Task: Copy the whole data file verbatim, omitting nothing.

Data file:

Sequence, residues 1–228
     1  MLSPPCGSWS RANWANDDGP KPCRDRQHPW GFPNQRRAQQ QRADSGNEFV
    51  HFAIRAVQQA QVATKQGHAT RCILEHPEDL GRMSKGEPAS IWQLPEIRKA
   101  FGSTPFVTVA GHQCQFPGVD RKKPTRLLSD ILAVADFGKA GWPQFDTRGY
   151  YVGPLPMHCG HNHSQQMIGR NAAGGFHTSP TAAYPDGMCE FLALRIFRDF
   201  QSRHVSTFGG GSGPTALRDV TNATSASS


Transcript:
Sequence, residues 1–228
     1  MLSPPCGSWS RANWANDDGP KPCRDRQHPW GFPNQRRAQQ QRADSGNEFV
    51  HFAIRAVQQA QVATKQGHAT RCILEHPEDL GRMSKGEPAS IWQLPEIRKA
   101  FGSTPFVTVA GHQCQFPGVD RKKPTRLLSD ILAVADFGKA GWPQFDTRGY
   151  YVGPLPMHCG HNHSQQMIGR NAAGGFHTSP TAAYPDGMCE FLALRIFRDF
   201  QSRHVSTFGG GSGPTALRDV TNATSASS